Uncharacteristically consenting to the fuss made over his 80th birthday this month, the redoubtable Lincoln Kirstein sat in his usual seat at the New York State Theater on Monday evening as New York City Ballet and the School of American Ballet paid tribute to him by turning the theater's normally "dark" night into one of celebration, reminiscence and promise.
In his opening remarks, Peter Martins, now a ballet master-in-chief of the New York City Ballet, which Kirstein helped found, underscored the complexity of holding such an event. Mostly he said, there was a question of what to give Kirstein: "He has everything. He doesn't want anything." And the Danish emigre added wryly, "He doesn't like much."
The answer to the dilemma--and indeed the centerpiece of the evening--was already in the air. Preceding Martins' appearance, Robert Irving had led the company's orchestra in a large segment of the music from the Prologue to Tchaikovsky's "Sleeping Beauty." And so, Martins said, "We decided to give (Kirstein) 'The Sleeping Beauty'."
Before proceeding to detail the company's plans for its first production of Petipa's ballet masterwork, Martins allowed one more "problem" for Kirstein: "He'll have to wait a few years."
What followed was a carefully produced slide presentation of David Mitchell's set designs and Patricia Zipprodt's costume sketches for the proposed production, complete with musical track and overvoiced by Martin's retelling of the ballet's scenario.
The actual dancing Monday took the form of the ballet's first-act "Garland Dance," which Balanchine had choreographed in 1981 for his Tchaikovsky Festival, but with 10 of the company's principal women dancers now appearing in corps de ballet roles, much to the audible delight of the audience.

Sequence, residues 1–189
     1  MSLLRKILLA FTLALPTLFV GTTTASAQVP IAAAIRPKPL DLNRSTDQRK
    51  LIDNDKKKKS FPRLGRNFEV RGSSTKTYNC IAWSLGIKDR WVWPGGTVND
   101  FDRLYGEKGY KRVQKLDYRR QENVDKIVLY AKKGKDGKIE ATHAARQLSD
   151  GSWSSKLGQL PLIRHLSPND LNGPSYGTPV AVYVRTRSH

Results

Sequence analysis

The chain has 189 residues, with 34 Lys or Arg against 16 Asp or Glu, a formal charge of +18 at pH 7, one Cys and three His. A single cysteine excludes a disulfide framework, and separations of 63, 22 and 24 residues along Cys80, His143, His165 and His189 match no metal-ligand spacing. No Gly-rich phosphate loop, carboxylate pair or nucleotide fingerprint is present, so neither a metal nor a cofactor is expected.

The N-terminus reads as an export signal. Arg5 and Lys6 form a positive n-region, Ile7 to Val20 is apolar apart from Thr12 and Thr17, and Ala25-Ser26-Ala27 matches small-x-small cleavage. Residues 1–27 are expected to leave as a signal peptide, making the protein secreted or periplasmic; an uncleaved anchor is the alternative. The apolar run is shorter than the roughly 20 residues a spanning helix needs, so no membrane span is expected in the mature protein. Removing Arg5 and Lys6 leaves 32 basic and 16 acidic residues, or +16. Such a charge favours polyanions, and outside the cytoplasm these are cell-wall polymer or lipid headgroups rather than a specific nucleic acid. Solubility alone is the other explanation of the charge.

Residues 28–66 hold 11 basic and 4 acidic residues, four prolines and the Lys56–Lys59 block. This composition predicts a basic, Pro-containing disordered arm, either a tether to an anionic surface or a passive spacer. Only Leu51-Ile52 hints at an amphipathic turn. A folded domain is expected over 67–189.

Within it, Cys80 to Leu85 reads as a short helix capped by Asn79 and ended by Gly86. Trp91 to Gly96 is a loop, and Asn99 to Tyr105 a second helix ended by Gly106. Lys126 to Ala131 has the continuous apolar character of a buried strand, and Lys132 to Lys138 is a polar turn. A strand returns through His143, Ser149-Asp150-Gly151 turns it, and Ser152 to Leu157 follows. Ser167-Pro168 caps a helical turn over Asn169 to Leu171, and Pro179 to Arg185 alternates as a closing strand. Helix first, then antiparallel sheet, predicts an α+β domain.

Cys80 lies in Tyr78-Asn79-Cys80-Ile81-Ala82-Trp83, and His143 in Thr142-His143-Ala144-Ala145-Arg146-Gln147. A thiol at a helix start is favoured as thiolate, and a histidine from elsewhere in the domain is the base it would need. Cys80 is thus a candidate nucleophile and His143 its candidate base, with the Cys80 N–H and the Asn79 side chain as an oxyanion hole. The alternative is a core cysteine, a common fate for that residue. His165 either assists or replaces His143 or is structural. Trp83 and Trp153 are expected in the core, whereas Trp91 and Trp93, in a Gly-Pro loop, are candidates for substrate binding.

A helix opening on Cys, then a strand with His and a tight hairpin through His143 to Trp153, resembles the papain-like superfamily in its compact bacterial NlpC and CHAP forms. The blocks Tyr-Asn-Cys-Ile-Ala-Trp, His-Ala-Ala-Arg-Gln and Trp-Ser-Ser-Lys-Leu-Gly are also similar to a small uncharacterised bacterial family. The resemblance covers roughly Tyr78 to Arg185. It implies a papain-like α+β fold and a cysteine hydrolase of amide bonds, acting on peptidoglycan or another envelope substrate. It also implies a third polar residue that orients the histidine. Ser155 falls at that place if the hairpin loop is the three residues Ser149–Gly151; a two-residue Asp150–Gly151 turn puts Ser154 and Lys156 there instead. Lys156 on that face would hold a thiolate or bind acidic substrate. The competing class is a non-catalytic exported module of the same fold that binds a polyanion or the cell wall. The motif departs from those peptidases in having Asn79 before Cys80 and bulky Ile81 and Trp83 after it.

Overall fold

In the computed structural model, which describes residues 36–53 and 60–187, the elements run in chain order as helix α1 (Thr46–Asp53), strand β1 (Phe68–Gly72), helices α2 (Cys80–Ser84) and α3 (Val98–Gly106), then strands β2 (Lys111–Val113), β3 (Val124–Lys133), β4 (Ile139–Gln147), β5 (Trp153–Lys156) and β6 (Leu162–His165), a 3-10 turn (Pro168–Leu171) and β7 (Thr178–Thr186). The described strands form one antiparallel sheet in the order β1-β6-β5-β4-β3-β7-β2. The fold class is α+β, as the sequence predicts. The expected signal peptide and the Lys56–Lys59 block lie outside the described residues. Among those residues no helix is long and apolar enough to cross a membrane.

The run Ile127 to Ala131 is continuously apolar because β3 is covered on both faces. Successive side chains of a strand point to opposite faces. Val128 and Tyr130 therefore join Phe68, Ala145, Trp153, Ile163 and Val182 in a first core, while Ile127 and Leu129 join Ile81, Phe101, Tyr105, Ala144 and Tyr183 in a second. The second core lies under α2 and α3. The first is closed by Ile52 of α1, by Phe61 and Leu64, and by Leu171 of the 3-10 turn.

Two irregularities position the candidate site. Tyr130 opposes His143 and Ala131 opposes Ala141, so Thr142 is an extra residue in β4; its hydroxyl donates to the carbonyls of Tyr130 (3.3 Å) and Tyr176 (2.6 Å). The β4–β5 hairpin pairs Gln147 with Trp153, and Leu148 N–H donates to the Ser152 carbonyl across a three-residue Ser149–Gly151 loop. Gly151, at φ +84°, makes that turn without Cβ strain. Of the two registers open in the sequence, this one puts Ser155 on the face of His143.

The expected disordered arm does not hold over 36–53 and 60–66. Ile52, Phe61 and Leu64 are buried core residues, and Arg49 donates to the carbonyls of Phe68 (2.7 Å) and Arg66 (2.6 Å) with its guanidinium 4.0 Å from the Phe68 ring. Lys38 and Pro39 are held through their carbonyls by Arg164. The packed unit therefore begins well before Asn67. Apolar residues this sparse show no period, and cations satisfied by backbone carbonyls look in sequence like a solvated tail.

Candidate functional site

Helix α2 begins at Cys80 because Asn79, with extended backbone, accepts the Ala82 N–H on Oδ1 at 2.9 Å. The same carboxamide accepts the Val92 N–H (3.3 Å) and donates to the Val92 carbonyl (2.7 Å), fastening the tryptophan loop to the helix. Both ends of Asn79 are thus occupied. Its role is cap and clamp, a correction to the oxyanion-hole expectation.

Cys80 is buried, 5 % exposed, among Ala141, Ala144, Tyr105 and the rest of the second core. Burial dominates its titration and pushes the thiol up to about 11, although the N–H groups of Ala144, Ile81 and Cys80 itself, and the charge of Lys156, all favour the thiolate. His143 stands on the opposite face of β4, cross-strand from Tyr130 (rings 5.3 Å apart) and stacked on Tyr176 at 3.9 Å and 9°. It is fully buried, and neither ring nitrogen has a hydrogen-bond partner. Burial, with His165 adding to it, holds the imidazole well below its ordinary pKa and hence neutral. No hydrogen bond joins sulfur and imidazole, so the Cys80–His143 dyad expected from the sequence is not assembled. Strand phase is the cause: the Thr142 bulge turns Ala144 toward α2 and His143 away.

Beyond the big presentation of Kirstein's big present, the celebration entailed a toast, an award, and a piece d' occasion. The toast was a shot of vodka downed from the stage by Martins with bemused assistance from ballerina Suzanne Farrell and ballet mistress Rosemary Dunleavy.
The award was a belated presentation of New York City's Handel Medallion, which Mayor Edward Koch said was never publicly accepted by Kirstein when it was conferred in 1967 because of a labor dispute.
The party piece was a performance of Jerome Robbins' "Circus Polka," with guest Mikhail Baryshnikov as the whip-bearing ringmaster--more proudly parental than strictly taskmasterish with the 48 girl ballet students who ended their paces by lining up to form a huge L and K.
After more words of appreciation by co-ballet Master-in-Chief Robbins, Kirstein said he wished "everyone was 80 and could look back on making this house and our company possible."
The pitching of posies and a rain of balloons ended the ceremony and started a reception.